When I read this article, I was intrigued not so much by the story, which is interesting in itself, but by what it says about reporting in the mainstream media.

Anyone who has been closely involved in an issue that gets written up in a newspaper, or reported on TV or radio often finds that the reported story doesn’t always factually relate what really happened.

Sometimes it is because of time constraints that are usually found on TV and radio news reports or space constraints in the printed media. Sometimes it is just a reporter in a hurry to post a story to meet a deadline and hasn’t the time or the interest in digging out the facts. It this particular case it seems to have been the latter along with the tendency not to let the facts get in the way of a good story.

This article is probably at the extreme end of the spectrum as there was no story if the victim died of natural causes (which wouldn’t be determined until some time later) while walking his dog. But there was a big story if a Rottweiler attacked and killed his owner while being taken for a walk.

The lesson to be learned here that you always need apply some healthy skepticism to anything that you see, hear or read in the media.

Fear and loathing in US politics

February 11, 2008

U.S. voters are experiencing severe electoral trauma these days, particularly those of the Republican bent.

There was not a single candidate, in the starting lists of either major U.S. party, whom I did not devoutly wish not to see in power. Mr. Giuliani of New York was my first Republican choice, by a process of default. Mr. McCain of Arizona is now my first choice, by further default. (I supported George W. Bush in 2000, because the alternative was John McCain.) Mrs. Clinton of Mars is my preference for the Democrat party, given the alternative is Mr. Obama of Venus. My faithful readers will grasp that when I, along with Ann Coulter, begin speaking favourably about Mrs. Clinton, the end is near. Ms. Coulter has finally gone over the top, however, and in a McCain-Clinton final, I’ll hold my nose for McCain.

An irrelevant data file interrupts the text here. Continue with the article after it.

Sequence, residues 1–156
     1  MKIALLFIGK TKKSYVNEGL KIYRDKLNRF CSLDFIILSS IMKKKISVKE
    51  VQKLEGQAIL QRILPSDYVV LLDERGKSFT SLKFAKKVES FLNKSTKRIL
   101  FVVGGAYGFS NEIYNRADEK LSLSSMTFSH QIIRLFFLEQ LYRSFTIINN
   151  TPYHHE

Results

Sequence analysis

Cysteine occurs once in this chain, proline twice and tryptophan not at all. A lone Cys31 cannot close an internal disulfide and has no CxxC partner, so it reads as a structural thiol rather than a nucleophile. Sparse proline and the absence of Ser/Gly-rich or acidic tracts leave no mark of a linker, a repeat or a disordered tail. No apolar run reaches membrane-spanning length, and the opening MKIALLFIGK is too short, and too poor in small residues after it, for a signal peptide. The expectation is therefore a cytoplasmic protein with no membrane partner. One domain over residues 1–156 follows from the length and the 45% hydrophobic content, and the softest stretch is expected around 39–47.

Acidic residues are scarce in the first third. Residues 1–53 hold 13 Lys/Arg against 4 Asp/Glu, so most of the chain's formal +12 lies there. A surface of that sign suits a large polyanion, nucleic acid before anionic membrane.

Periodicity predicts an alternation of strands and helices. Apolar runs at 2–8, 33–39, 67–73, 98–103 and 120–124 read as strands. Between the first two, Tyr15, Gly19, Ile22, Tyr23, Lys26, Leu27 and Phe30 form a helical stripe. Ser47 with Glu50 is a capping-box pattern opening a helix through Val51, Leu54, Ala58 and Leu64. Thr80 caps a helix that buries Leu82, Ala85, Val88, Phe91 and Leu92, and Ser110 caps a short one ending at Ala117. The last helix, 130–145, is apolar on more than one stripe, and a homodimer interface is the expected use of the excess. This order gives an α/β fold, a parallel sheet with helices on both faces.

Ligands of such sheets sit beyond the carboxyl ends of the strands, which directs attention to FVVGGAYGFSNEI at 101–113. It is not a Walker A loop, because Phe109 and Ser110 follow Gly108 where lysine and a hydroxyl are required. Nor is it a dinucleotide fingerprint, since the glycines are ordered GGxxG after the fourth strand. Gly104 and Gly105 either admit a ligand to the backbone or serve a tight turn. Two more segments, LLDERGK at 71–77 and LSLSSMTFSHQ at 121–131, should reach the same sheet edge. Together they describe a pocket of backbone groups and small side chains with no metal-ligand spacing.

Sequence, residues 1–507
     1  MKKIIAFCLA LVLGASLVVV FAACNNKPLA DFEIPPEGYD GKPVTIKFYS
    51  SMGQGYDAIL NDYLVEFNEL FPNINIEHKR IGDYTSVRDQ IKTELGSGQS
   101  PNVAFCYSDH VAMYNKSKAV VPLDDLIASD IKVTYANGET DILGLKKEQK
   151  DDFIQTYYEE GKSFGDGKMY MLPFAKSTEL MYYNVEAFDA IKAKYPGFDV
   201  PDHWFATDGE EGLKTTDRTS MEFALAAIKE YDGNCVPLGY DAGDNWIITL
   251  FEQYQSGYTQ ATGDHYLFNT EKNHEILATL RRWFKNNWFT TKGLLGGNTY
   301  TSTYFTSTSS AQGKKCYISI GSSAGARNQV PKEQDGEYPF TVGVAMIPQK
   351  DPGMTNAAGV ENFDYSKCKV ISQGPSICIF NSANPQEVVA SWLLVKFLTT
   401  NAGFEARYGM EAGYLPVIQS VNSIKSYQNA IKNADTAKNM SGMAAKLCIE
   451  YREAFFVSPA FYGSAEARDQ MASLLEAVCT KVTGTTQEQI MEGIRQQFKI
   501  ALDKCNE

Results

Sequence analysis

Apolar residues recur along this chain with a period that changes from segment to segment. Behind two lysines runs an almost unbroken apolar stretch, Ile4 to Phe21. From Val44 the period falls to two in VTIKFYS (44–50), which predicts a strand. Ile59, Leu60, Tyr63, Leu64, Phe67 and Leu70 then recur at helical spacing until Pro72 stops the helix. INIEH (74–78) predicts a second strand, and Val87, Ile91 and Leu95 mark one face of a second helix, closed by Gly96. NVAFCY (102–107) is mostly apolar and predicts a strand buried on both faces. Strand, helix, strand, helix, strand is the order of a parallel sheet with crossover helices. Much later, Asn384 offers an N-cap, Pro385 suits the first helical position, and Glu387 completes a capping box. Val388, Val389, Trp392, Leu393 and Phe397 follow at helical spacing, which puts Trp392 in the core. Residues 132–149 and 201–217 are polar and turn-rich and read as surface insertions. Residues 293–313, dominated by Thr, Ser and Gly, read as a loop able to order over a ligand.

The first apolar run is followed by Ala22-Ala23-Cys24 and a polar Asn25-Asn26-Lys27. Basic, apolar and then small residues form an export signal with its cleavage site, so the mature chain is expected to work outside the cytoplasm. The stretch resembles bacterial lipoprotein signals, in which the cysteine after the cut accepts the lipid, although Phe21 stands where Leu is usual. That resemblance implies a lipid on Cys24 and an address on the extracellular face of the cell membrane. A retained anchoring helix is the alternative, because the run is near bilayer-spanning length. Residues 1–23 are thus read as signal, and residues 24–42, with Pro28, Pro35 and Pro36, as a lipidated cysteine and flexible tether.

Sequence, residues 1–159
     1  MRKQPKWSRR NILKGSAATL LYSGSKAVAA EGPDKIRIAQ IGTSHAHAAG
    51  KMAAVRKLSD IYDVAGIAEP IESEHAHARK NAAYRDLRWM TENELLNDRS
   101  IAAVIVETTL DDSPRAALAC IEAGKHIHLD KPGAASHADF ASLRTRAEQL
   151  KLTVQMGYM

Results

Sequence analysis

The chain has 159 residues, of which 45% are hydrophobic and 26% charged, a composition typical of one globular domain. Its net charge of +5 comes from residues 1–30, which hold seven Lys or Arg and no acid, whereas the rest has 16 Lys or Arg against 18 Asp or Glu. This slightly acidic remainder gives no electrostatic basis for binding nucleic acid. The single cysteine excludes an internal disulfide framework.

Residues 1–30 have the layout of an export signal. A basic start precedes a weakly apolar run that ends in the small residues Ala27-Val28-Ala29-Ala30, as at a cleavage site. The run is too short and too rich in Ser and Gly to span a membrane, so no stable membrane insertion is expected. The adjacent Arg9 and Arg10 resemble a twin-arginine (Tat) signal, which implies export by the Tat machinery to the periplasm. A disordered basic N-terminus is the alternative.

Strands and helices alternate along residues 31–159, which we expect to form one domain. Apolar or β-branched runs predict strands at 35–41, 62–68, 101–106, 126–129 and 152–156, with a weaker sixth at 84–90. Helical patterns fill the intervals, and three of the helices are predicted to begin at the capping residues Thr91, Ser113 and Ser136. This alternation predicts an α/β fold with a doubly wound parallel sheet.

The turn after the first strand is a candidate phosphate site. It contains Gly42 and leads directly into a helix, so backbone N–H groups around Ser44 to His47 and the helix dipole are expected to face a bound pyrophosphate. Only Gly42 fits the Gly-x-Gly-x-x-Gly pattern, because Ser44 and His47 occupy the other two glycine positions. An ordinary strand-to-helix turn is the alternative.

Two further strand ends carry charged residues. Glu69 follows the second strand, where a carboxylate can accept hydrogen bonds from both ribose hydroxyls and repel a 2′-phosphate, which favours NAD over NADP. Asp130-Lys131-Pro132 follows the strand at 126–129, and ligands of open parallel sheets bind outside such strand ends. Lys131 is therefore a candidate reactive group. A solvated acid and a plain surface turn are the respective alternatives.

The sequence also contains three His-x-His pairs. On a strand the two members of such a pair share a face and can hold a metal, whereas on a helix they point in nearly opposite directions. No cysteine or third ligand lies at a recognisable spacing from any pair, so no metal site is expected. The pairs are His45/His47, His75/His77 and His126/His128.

Coulter can be pretty bizarre at the best of times, but when you hear conservative commentators talking about voting for Clinton as a way to punish the Republican party for real and imagined transgressions against the faith, you might wonder if the end IS nigh.

Thomas McIntyre: Outdoor writer par excellence

February 8, 2008

I have just finished reading Thomas McIntyre’s ‘Seasons and Days’. Admittedly, I came to it late as it was published in 2003. My loss, as McIntyre is one of my favourite outdoor writers; Equal parts philosopher and sportsman. Or maybe the two are a natural combination but Mr. McIntyre is just more articulate than the rest of us.

He is definitely not a “Me and Joe” storyteller. He tells you about the country and the people he met along the way and thinks about why he hunts.

I particularly liked this piece taken from the preface of the book.

 

Hunting is indeed about death. Or, more precisely, killing. Killing is what makes the hunter (animal or human) different from every other walker in the woods. Not that this always explains the kill to the satisfaction of our friends, especially those of the more doctrinaire environmental stripe, or often to our own family. Sometimes not even entirely for ourselves.

 

The killing that I am talking about is, of course, the legal killing of wild animals in the hunt, not homicide, or the hunting of “armed men”; the killing in hunting is not murder or human conflict incognito – assuming one is relatively free of pathological impulse. Hunters are excruciatingly inarticulate about why they kill or what it is like to do so. Part of it is very much a case of like trying to tell a stranger about rock ‘n roll, but also because, as Ortega y Gasset says, hunting means “accepting reason’s insufficiency.” The desire to hunt, and ultimately kill, comes from a place well before consciousness and words, so that when it arises today it does so almost always outside articulation. Most hunters can’t even say when it began for them, but some still try.